So Much a Part of You is not a reading experience where you follow a protagonist through an exciting plot and get to live vicariously through the adventures and how much you ‘like’ the character. This is a literary collection, about matters more general, and deeper. The situations in the stories of this collection may include tragedies or condition you’ve never experienced, from physical accidents, to alcoholism, to one-night-stands, or an abortion. The characters may make choices that you have never faced, or think you would never make.

What is relatable, what is emotionally resonant and evokes reflection  is the general effect these situations and choices have on the characters in the stories and that the reader can then apply to their own personal life. For we have all faced rough situations and tragedy. We have all made choices, good and bad.

So too with the characters in So Much a Part of You. None of them end up where they may have expected. In some cases this is unfortunate, and in others it becomes clear that a new and better relationship has opened up in their life, that they would never have foreseen, but which for that particular time and place is exactly what they need, and dearly precious.

With the connected format of the collection, readers are able to see some characters from different perspectives and periods, creating a complexity that would be harder to obtain from a single short story. Dugan’s writing is fluid and conversational, making this a relatively quick read. The overall emotional reflection it could engender will last longer.

Four Stars out of Five

I received a free advanced reading copy of this from the publisher through the Goodreads’ First-reads giveaway program.

Em and The Big Hoom, by Jerry Pinto

Em and The Big Hoom, by Jerry Pinto
Publisher: Viking (Penguin UK)
ISBN: 0670923583
224 pages, hardcover
Expected Publication (US): 24th June 2014
Sources: Goodreads & NetGalley

So often, literature focuses solely on conflicts, the inability of people to reconcile with others, themselves, or their environment. Like any story, Em and The Big Hoom, by Jerry Pinto contains conflict, adversity that its characters must face. The appeal of the novel is that despite the darkness it is suffused with humor and joy and is focused on how a family successfully holds together despite their hardship. In Em and The Big Hoom, communication abides even amid the unpredictability of madness.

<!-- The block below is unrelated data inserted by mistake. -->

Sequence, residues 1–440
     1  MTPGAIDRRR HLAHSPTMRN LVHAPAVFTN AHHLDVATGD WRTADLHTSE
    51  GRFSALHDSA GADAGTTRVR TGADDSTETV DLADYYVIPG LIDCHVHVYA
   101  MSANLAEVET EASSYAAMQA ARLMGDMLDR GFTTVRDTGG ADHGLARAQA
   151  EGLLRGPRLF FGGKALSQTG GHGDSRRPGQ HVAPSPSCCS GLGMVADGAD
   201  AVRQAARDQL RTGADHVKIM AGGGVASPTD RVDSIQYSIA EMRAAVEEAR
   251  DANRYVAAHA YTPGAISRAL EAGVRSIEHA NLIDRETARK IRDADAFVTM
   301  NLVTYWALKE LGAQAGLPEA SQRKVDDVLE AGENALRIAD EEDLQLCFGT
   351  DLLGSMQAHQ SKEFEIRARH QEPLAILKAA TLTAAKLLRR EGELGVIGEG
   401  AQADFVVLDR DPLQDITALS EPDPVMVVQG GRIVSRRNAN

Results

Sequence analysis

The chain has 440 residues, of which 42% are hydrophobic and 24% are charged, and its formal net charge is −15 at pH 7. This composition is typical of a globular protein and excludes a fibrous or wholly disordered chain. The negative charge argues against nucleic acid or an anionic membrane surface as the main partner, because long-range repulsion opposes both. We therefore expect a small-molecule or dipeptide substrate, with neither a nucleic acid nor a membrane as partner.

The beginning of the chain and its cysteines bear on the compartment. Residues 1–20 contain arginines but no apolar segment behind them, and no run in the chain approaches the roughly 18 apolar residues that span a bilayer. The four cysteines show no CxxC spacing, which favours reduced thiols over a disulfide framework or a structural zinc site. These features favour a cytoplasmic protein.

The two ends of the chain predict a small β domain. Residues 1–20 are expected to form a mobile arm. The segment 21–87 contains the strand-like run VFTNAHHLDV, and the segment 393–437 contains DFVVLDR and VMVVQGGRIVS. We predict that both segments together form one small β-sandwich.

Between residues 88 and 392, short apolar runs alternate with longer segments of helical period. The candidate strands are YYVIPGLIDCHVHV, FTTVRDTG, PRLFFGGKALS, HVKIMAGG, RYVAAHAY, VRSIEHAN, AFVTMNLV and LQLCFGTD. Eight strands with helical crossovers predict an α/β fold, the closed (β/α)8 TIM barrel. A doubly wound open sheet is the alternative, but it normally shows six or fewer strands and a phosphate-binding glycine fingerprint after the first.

Told from the perspective of a boy living with his family is small Mumbai flat, Em and The Big Hoom is a series of chapters that are each almost short stories themselves. Em, or Imelda, is the mother who is plagued with mental disease (bipolar disorder) that creates a paradoxical closeness to and distance from her husband (Austine or ‘The Big Hoom’), daughter (Susan), and son (the unnamed point-of-view character).

The son relates the emotional roller-coaster of life with a woman that everyone knows is ‘mad’, but whom they all love and try to support even through the darkest moments of attempted suicide. The son thinks constantly about both of his parents, their past and how they came together, the present, and the uncertain future that shows both promise of hope and the threat of instant disaster. Looking at his parents, the son is also forced to consider what genetic aspects he may have inherited from each: an admirable devotion of sacrifice and love displayed by his kind father, the sweet uncompromising honesty and playfulness of his mother, or her ‘madness’.

Both parents are well written, but Em is fabulously so, a woman who faces the weighty realization of her mental illness with a brutal honesty, yet simultaneously tries to lighten it with humor and memories of past joys. As the point-of-view character, the son is likewise complex, but the sister Susan seems present only to have another child in the story.

The beauty of the novel lies in Pinto’s writing, which mirrors the frank honesty of the characters. Though not flowery or decorated with an advanced vocabulary, Pinto’s writing is poetic. It flows gracefully and naturally with simple, but precise, words that convey deep emotion and thought, making the unnamed son who serves as the narrator familiar and relatable. The novel is highly quotable and many of the son’s thoughts or pondered questions would be excellent fodder for student or book group discussion.